…Says they retained camps after demobilization
By Kennedy Mbele
About N60billion may have been paid to 17 ex-militant leaders under the Presidential Amnesty Programme (PAP) over the past 10 years, according to the report of the presidential panel that probed the activities of PAP.
Each ex-militant leader, the report, according to a Sunday Vanguard source, said, got N490,037,000 monthly to be paid to intended beneficiaries.
But the panel noted: “It is imperative to note that there is no mechanism to enforce payment of the stipends to intended beneficiaries by their respective camp leaders and pay their stipends directly into their accounts.
“This mode of payment could have empowered the camp leaders with sufficient funds to acquire arms that can be used to hold the Federal Government to ransom in the event the programme is closed”.
The report said the panel discovered that five vocation training centres were supposed to be built at a cost of N23billion, saying, however, that only three had been built.
The panel, the report said, found that PAP had been corrupted with illegal removal and inclusion of names of beneficiaries of the programme overnight.
On training of PAP beneficiaries, the source quoted the report as saying: “There are beneficiaries being sponsored in foreign institutions which are not accredited and hence not recognised by Nigerian tertiary institutioms and the National Universities Commission”.
The Federal Government had, in February, suspended the Coordinator of PAP, Prof. Charles Soludo, and a five-man panel was set up to investigate the activities of the agency.
The panel is headed by the National Security Adviser (NSA), General Muhammed Monguno (retd).
The action followed allegations of fraud levelled against officials of PAP, dating back to when it was established 11 years ago.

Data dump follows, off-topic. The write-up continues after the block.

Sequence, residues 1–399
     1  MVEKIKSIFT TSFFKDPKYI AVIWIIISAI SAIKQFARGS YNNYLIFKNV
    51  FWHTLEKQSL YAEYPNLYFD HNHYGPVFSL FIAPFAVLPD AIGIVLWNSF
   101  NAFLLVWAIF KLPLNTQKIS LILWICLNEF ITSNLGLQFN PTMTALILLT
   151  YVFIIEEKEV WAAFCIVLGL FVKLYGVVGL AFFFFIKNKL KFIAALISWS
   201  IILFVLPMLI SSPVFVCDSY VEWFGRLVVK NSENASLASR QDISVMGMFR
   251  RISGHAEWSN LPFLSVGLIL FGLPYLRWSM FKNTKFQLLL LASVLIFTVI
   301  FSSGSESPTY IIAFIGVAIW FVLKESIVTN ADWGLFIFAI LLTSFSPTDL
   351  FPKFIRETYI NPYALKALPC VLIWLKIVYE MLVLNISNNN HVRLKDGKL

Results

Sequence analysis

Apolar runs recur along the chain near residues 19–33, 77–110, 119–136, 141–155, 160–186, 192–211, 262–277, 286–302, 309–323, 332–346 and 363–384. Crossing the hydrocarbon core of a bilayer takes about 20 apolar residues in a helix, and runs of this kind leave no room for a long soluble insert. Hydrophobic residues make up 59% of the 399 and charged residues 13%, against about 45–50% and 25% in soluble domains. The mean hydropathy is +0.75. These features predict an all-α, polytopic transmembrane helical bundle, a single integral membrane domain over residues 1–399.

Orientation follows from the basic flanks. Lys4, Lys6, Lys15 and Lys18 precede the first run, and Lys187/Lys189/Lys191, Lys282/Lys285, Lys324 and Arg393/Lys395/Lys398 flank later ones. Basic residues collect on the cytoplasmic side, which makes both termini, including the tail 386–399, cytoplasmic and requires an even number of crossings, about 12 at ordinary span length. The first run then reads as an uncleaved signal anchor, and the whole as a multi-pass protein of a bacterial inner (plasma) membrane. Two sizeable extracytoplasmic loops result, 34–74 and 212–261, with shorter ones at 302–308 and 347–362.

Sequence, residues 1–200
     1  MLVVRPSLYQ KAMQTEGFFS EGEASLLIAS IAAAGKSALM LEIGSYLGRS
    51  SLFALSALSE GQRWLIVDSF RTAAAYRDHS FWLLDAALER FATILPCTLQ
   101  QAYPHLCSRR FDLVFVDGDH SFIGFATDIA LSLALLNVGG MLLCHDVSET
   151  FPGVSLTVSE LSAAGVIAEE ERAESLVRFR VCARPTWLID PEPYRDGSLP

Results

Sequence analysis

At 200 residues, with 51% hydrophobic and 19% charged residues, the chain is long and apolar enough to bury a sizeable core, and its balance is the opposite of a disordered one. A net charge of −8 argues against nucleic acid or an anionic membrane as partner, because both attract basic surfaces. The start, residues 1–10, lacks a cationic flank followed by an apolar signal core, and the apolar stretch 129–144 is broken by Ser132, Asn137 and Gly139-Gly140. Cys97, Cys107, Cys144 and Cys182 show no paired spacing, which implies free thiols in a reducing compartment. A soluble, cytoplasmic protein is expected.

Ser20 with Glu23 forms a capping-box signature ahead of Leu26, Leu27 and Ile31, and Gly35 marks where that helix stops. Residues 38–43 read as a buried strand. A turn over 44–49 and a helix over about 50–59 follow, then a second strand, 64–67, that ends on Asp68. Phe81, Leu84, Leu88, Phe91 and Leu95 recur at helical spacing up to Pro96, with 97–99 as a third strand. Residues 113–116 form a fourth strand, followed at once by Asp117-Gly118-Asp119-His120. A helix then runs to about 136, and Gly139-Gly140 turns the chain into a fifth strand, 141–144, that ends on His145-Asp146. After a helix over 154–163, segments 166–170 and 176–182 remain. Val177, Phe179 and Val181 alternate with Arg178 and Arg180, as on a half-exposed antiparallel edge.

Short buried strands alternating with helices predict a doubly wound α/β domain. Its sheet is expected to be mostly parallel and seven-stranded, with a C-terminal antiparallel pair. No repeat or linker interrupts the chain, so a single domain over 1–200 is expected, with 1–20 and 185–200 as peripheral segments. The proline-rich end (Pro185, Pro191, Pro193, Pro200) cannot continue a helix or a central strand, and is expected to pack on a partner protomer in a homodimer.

The Yar’Adua administration had, in May 2009, established the Amnesty Programme to calm armed youths in the Niger Delta complaining of marginalisation in the face of their region’s producing the crude that provides the bulk of Nigeria’s foreign earnings.
But PAP has been dogged by all manner of allegations mostly bordering on misappropriation of funds.
On Abandoned Vocation Training Centres, the source said: “The Committee discovered that 5 vocation training centers were supposed to be built over the years for an estimated cost of N23 Billion for training of ex militants in various skills that will enable them to earn a living.
The training centers are located at Kaiama, Bayelsa State; Agadagba, Ondo State; Bomadi in Delta State, Gelegele in Edo State and Obuama, Harris Town, in Rivers State. The Committee discovered that in spite of these investments, only three of these centers at Kaiama, Agadabga and Bomadi have been built while those of Gelegele and Obuama are still at foundation level after the contractors absconded. Even the three that have been built, no single training has taken place in them hence, there are are underutilized and abandoned with government funds were wasted”.
On Payment of Bulk stipends to militant leaders, he said: “The Committee discovered that some militant leaders still retain camps with paramilitary structure despite undergoing demobilisation process which is the formal and controlled discharge of active combatants from armed forces and groups.
Consequently, 17 camp leaders are paid stipends in bulk sum, a total of N490,037,000.00 monthly for the last 10 years. The list of camps and respective monthly payments are at Annex B.
It is imperative to note that there is no mechanism to enforce the payment of the stipends to intended beneficiaries by their respective camp leaders and pay their stipends direct into their account. Hence, there are several petitions by delegates requesting the Federal Government to liberate them from their leaders.
This mode of payment could have empowered the camp leaders with sufficient funds to acquire arms that can be used to hold the federal government to ransom in the event the programme is closed”.